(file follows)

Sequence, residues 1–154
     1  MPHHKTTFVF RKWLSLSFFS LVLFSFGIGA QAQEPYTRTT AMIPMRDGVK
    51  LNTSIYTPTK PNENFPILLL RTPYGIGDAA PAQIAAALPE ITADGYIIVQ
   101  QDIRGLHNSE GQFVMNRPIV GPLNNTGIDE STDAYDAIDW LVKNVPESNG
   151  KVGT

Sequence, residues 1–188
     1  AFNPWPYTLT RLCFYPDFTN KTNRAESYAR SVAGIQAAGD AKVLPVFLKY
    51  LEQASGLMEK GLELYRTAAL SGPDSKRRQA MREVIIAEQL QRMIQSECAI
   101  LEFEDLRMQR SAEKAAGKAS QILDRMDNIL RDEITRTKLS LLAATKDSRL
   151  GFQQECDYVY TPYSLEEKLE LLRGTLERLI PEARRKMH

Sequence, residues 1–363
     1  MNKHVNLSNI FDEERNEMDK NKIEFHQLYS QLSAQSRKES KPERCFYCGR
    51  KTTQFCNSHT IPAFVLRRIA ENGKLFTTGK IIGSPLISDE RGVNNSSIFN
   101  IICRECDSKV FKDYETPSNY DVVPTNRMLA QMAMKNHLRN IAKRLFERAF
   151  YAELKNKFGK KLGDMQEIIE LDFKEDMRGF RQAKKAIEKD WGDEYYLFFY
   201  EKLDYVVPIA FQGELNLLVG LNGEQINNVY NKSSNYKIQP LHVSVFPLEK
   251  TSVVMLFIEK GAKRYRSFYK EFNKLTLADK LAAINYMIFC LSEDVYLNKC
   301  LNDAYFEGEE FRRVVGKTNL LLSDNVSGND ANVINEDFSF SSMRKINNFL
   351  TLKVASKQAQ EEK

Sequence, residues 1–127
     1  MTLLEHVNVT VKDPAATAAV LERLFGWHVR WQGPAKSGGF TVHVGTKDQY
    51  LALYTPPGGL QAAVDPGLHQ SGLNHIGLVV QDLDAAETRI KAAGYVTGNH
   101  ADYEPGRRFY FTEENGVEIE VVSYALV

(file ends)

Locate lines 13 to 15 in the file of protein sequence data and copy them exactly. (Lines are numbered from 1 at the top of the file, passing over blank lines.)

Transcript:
    51  KTTQFCNSHT IPAFVLRRIA ENGKLFTTGK IIGSPLISDE RGVNNSSIFN
   101  IICRECDSKV FKDYETPSNY DVVPTNRMLA QMAMKNHLRN IAKRLFERAF
   151  YAELKNKFGK KLGDMQEIIE LDFKEDMRGF RQAKKAIEKD WGDEYYLFFY